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Oral-History:Eugene O'Neill

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(New page: == About Eugene O'Neill<br> == O’Neill received his bachelors in engineering in 1940 and his masters of electrical engineering in 1941, both from Columbia University. He then worked at ...)
 
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O’Neill received his bachelors in engineering in 1940 and his masters of electrical engineering in 1941, both from Columbia University. He then worked at Bell Labs for the rest of his career. During World War II he worked on airborne radar systems. After the war he worked on the L-3 coaxial system until the early 1950s. He then worked on microwave radio systems; transoceanic submarine cables in the mid 1950s the time-assignment speech interpolation termina system (TASI) in the late 1950s, which increased capacity by using high-speed switching to use a channel only when a person is talking; and the Telstar project, an early communications satellite, in the early 1960s. Then as executive director in charge of all long-distance transmission systems, he developed the production version of short-haul digital transmission in metropolitan areas. He also developed the L-4 and L-5 coaxial systems, and the single sideband system. He is most satisfied with his work on TASI, followed by his work on metropolitan digital terminals. Telstar was nice, but he was too busy administering, too far from the actual research, to feel as much satisfaction about that.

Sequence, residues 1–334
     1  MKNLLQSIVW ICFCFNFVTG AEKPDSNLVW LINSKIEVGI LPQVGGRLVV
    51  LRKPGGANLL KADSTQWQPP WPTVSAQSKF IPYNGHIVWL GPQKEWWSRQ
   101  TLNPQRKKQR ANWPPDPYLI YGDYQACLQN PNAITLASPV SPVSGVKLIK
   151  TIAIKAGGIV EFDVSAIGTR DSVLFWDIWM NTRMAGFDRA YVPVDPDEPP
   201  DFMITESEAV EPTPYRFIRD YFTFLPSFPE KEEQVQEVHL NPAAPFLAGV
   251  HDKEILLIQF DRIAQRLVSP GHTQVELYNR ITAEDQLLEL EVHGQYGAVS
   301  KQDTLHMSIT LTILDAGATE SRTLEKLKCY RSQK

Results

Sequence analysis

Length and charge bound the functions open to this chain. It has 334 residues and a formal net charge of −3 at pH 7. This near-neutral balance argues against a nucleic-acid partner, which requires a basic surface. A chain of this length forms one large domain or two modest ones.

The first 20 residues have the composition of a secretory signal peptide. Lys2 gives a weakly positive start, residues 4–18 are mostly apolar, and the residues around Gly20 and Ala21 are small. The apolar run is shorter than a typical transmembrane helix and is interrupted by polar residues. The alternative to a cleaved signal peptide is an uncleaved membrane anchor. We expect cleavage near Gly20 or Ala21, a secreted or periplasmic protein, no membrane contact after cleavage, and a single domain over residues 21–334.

O’Neill received his bachelors in engineering in 1940 and his masters of electrical engineering in 1941, both from Columbia University. He then worked at Bell Labs for the rest of his career. During World War II he worked on airborne radar systems. After the war he worked on the L-3 coaxial system until the early 1950s. He then worked on microwave radio systems; transoceanic submarine cables in the mid 1950s the time-assignment speech interpolation termina system (TASI) in the late 1950s, which increased capacity by using high-speed switching to use a channel only when a person is talking; and the Telstar project, an early communications satellite, in the early 1960s. Then as executive director in charge of all long-distance transmission systems, he developed the production version of short-haul digital transmission in metropolitan areas. He also developed the L-4 and L-5 coaxial systems, and the single sideband system. He is most satisfied with his work on TASI, followed by his work on metropolitan digital terminals. Telstar was nice, but he was too busy administering, too far from the actual research, to feel as much satisfaction about that.
  
== About the Interview<br> ==
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== About the Interview<br> ==
  
EUGENE O’NEILL: An Interview Conducted by David Hochfelder,&nbsp; IEEE History Center, 9 July 2001
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EUGENE O’NEILL: An Interview Conducted by David Hochfelder,&nbsp; IEEE History Center, 9 July 2001